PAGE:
When the new regulations on appraisers went into effect local knowledge was considered a secondary skill. The 3rd party companies hired the cheapest appraisers they could which meant that the appraisers often came from “elsewhere” and had no understanding of the local market.
This caused what would normally be a good deal to die because of a faulty appraisal. It looks like Fannie Mae has seen the writing on the wall and now is going to demand that the appraisers have the required knowledge, not just the lowest price. And they wanting the appraiser to take more pictures of the properties and any defects found.
This is a step in the right direction. Back in the insanity that was the middle of the past decade appraisers were under extreme pressure to hit the number for the mortgage lenders. This led to many bad mortgages and pressure on the appraisers to betray their professional responsibilities. To correct this problem, appraisers were forced to go through a 3rd party and not be directly hired.
Of course, the 3rd party companies wanted to get the most profit out of the deal so they hired the lowest common denominator. Since they did not have to pay for fuel or any other cost, the appraisal brokers hired people who had no local knowledge to perform the appraisals.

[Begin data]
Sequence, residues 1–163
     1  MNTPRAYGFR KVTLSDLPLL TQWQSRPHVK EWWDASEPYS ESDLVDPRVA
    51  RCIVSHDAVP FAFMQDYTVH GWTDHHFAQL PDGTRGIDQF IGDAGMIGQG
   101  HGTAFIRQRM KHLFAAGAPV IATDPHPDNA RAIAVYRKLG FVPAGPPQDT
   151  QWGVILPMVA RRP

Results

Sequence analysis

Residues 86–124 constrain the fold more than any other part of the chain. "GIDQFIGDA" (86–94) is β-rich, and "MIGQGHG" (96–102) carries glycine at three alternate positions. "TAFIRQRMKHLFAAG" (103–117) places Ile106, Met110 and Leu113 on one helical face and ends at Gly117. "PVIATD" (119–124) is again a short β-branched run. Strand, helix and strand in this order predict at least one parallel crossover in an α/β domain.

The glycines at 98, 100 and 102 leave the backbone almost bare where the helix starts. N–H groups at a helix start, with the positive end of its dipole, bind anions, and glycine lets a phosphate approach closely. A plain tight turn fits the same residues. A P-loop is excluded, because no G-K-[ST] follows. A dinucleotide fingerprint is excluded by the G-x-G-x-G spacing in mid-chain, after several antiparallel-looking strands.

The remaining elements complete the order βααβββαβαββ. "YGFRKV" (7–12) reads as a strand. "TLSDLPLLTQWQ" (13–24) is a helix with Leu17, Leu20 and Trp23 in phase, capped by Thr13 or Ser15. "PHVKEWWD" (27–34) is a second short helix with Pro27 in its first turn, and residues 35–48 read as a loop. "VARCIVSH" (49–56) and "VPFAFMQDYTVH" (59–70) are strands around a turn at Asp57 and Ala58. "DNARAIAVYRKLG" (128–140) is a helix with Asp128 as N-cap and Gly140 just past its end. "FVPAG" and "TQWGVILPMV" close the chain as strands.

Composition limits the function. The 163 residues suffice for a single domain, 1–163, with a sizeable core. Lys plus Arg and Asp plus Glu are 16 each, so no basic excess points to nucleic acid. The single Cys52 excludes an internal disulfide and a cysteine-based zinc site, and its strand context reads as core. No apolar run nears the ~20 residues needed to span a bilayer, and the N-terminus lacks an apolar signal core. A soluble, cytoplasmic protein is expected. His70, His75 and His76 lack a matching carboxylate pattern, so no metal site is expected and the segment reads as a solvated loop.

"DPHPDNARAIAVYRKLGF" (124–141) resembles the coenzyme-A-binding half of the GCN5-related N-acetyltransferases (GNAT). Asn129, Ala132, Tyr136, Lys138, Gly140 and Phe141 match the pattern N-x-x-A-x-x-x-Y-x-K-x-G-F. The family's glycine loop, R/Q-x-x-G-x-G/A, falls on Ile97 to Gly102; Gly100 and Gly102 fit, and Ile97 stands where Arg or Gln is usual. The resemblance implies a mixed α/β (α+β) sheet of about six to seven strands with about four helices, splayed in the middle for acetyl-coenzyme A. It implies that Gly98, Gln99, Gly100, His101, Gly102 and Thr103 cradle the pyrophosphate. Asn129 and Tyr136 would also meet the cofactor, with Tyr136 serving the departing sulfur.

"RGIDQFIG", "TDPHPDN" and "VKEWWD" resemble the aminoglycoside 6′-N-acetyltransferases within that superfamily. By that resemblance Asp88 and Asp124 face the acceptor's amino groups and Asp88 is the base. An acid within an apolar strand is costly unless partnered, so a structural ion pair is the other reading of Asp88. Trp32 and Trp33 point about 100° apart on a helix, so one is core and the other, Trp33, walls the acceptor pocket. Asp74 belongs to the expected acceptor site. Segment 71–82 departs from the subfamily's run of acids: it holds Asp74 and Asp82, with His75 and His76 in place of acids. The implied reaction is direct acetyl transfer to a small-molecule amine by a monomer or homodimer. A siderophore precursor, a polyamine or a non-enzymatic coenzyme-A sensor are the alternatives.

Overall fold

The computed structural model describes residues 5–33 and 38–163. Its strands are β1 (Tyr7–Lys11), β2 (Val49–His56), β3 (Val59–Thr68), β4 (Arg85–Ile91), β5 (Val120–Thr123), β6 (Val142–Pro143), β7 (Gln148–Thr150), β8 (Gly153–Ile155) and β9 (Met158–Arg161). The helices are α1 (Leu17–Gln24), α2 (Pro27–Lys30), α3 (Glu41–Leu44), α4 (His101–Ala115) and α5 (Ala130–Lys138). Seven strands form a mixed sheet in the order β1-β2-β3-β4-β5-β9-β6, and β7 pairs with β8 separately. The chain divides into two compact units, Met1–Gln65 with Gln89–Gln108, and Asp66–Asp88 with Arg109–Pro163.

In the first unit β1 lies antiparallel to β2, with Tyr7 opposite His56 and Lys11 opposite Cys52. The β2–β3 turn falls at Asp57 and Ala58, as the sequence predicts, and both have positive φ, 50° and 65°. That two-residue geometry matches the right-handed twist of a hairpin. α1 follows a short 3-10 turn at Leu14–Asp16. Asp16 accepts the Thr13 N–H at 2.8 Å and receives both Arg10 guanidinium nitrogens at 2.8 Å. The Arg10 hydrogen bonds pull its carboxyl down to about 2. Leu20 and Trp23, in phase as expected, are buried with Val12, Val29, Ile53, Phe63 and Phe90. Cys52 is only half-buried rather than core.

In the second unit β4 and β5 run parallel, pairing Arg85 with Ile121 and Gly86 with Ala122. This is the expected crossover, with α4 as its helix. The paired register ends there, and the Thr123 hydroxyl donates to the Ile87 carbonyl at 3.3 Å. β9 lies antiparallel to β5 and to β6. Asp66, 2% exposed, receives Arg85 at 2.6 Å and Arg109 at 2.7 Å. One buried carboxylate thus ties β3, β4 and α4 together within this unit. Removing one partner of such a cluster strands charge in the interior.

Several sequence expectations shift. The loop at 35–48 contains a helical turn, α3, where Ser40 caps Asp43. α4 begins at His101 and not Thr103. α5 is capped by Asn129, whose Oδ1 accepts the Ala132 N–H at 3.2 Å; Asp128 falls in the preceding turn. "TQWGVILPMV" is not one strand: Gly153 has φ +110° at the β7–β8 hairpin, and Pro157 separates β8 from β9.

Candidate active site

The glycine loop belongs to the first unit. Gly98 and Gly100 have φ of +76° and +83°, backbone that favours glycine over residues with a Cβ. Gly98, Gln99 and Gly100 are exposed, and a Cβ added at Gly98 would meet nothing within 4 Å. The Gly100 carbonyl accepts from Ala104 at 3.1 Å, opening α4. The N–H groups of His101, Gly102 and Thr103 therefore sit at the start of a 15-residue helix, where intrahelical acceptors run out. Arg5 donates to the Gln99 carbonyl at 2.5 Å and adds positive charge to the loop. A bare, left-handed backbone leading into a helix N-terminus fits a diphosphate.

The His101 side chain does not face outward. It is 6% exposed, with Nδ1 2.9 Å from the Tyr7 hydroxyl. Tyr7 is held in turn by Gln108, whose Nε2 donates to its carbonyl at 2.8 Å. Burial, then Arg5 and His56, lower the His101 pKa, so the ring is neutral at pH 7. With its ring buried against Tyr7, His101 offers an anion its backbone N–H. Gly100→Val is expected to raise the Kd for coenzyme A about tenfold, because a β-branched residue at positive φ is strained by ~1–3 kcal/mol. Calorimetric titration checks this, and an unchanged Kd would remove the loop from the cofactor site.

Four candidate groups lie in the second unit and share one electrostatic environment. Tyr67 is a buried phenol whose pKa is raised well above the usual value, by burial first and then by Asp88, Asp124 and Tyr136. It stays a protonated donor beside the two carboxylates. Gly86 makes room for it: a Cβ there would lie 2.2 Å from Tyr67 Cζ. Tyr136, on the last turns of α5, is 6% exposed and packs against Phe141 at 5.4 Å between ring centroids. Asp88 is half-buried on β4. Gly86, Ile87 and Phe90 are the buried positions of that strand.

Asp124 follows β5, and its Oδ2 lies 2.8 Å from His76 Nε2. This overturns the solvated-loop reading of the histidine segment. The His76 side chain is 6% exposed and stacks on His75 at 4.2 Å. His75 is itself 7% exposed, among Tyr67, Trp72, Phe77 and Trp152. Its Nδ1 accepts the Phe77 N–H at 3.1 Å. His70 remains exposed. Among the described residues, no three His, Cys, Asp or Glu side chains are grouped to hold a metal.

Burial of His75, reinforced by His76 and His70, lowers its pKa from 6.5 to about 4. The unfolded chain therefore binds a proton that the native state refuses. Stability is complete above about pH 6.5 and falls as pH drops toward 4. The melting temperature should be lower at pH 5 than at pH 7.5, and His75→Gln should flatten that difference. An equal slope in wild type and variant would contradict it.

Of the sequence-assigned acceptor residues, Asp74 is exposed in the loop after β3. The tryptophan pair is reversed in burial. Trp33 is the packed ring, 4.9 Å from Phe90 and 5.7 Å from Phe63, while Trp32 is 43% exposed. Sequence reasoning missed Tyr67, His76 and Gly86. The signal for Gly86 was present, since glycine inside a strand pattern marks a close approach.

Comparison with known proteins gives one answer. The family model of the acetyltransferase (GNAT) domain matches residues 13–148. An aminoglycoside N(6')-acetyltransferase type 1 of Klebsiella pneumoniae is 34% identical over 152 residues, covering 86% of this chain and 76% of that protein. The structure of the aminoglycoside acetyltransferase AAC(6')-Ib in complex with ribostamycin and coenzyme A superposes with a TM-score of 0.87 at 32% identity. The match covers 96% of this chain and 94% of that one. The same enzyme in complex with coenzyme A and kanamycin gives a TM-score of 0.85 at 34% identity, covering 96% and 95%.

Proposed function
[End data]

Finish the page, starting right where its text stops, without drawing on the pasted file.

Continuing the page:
Often you would hear of appraisers coming from 100 miles away to determine value on a property in an area they have never seen before. This is a recipe for disaster as the appraiser can not provide true value and has to be very conservative to protect themselves.
It is good to see Fannie Mae address the problem, and now let’s hope Freddie Mac follows quickly.
Fannie Mae just issued new requirements to help clarify single-family home appraisals, since it identified some issues in “post-purchase reviews of mortgage loan files.” Simply put, what Fannie’s June 30 selling guide updates mean is the agency didn’t like the looks of the some of the appraisals on mortgage loans sold to it by lenders.
One concern often voiced by real estate agents is how appraisers are being selected and whether lenders are hiring competent, as opposed to cheap, practitioners. Fannie’s new language says appraisers must have the “requisite knowledge” as well as experience and the right data to competently perform an appraisal. The lender, Fannie said, is ultimately responsible for hiring qualified appraisers.
Appraisal reports must also contain more pictures, including interior photographs of a home’s kitchen, all bathrooms, the main living area, any examples of physical deterioration and examples of recent updates like remodeling or renovation projects. via the Chicago Tribune